The Student News Site of Colorado State University

The Rocky Mountain Collegian

The Student News Site of Colorado State University

The Rocky Mountain Collegian

The Student News Site of Colorado State University

The Rocky Mountain Collegian

Print Edition
Letter to the editor submissions
Have a strong opinion about something happening on campus or in Fort Collins? Want to respond to an article written on The Collegian? Write a Letter to the Editor by following the guidelines here.
Follow Us on Twitter
How Can Colorado Quarterback Shedeur Sanders Improve For the 2025 NFL Draft?
How Can Colorado Quarterback Shedeur Sanders Improve For the 2025 NFL Draft?
June 6, 2024

Colorado quarterback Shedeur Sanders stands out as a prime prospect for the 2025 NFL Draft, and it’s no surprise he's the current favorite...

Prairie dog colony euthanized in Loveland for new county building

Larimer County has begun the

controversial process of building a new county building in Loveland that has eliminated a prairie dog colony.

Ad

IMG_69351-1024x683.jpg
A prairie dog colony of roughly 250 were euthanized in early March by Larimer County in order to build a new county building. (Collegian file photo)

The county building will be located on the corner of East 1st Street and Denver Avenue in the City of Loveland. The prairie dog colony of roughly 250 lived on that plot of land, and the County was faced with removing the animals.

Early March, the County began using a lethal method to remove the prairie dogs after months of relocation discussion.

Northern Colorado Prairie Dog Advocates (NCPDA) worked with both the Prairie Dog Coalition of the Humane Society of the United States and the County to make an attempt to relocate the prairie dogs. The two groups spoke at public meetings with the City of Loveland Planning Commission, the Open Lands Advisory Board and the Larimer County Commissioners.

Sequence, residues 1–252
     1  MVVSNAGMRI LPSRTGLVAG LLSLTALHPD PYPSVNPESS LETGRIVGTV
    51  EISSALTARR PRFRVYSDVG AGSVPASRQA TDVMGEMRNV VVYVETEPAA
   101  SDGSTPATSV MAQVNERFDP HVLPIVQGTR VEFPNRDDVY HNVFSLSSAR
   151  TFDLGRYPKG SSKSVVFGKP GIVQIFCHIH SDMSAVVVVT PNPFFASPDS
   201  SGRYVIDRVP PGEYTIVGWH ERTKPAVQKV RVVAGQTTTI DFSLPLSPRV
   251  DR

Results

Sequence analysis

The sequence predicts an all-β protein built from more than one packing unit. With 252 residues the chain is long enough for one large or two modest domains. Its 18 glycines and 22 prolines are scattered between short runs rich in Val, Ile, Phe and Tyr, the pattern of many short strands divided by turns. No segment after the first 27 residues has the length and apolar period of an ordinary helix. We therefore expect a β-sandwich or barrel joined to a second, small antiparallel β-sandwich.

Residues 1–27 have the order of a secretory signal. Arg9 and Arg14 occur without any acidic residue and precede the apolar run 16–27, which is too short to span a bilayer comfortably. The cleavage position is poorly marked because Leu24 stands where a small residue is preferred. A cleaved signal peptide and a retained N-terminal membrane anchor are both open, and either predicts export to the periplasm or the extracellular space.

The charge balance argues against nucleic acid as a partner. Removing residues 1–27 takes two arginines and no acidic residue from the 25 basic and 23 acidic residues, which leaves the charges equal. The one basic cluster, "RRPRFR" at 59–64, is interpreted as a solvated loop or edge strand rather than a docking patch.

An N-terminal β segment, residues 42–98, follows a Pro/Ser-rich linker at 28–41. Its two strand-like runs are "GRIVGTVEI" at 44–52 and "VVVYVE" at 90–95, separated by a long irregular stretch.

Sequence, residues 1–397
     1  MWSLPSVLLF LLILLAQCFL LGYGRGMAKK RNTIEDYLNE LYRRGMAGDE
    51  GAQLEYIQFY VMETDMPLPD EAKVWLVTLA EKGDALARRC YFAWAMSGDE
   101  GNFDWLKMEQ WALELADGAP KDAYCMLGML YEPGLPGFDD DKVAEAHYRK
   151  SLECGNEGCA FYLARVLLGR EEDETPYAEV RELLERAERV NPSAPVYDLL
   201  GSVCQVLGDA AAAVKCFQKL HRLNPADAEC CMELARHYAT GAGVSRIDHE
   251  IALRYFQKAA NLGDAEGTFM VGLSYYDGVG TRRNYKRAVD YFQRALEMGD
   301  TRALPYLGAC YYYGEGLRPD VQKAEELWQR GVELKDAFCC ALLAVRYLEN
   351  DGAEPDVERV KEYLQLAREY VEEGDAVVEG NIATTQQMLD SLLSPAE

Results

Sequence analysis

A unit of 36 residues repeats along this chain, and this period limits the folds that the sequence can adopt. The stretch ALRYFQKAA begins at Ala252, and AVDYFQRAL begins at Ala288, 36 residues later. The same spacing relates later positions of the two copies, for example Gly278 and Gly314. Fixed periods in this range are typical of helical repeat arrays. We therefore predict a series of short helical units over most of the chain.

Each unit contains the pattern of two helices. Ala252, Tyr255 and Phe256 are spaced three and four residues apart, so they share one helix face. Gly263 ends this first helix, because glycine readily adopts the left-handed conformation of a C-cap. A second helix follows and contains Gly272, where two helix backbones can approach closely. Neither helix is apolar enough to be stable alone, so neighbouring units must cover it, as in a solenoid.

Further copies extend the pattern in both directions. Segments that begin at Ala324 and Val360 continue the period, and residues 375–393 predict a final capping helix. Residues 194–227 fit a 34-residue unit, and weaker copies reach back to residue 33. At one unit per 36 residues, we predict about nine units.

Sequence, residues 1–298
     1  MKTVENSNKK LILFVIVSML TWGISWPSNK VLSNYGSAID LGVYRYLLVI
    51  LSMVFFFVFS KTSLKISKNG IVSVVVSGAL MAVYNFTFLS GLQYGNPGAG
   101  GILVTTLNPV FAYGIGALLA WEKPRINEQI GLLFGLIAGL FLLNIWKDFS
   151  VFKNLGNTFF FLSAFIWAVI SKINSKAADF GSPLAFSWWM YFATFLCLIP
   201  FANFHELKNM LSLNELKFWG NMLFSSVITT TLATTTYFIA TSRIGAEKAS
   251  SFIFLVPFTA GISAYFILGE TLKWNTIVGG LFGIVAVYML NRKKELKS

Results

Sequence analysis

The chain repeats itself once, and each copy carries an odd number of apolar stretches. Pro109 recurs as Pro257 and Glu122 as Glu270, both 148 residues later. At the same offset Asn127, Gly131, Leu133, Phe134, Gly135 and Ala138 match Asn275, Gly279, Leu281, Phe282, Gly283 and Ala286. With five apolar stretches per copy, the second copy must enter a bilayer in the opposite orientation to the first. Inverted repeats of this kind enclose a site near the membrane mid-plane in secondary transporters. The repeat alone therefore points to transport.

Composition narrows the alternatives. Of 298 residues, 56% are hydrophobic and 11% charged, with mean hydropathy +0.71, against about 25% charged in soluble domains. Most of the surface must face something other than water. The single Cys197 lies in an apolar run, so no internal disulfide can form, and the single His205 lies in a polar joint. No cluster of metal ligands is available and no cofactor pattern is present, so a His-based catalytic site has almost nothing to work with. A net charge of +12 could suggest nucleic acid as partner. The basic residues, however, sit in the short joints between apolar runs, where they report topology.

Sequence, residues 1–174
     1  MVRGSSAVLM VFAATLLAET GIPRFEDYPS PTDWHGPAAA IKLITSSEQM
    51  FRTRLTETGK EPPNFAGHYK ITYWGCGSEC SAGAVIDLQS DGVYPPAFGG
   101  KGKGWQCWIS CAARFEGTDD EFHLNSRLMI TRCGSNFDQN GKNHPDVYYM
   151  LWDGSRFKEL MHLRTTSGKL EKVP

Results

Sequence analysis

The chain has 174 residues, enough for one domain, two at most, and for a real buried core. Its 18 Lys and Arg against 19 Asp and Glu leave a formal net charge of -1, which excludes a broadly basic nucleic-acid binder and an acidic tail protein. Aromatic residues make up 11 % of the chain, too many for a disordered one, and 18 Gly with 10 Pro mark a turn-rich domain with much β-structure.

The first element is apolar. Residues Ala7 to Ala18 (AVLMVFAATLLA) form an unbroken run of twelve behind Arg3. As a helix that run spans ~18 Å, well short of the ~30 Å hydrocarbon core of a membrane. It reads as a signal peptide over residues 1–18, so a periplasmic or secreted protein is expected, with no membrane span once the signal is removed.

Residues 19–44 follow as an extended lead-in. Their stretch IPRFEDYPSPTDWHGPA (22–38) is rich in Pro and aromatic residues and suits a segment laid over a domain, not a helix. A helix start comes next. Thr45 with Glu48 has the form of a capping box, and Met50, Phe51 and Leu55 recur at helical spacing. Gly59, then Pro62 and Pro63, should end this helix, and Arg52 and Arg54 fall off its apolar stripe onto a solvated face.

The County had a strict deadline with the contractor to begin building, and so the advocates had a narrow window of time to find a new home for the animals.

“(The County Open Lands) have a long standing policy of not relocating prairie dogs on our open spaces because they have a tendency to leave the property and populate neighboring properties,” wrote Steve Johnson, the Larimer County Commissioner, in an email to the Collegian.

The County asked the advocates to find private landowners who would take the colony onto their land.

“We were willing to pay them to move the animals to a suitable habitat if they could find a place,” Johnson wrote. “They could not.”

The NCPDA approached suitable property owners within the County as to whether or not they would take the prairie dogs onto their land, but could not find any who were willing.

“When we were unsuccessful in trying to find private land, (the county) declined to do anything else and moved forward to kill the colony,” wrote Ashley Waddell, a representative for the NCPDA  an email to the Collegian.

Ad

Waddell wrote that she is disappointed with the outcome.

“I feel such a connection to this place and our wildlife, and it breaks my heart to know that our public servants don’t share these Colorado values,” Waddell wrote.

Noelle Guernsey, a representative of the Prairie Dog Coalition, says the group is similarly disappointed.

“Unfortunately, the responsibility of securing land for a release site was put on local citizens, whereas it would have been great to see the County working proactively to provide or help secure a release site for their wildlife on their land,” Guernsey wrote in an email to the Collegian.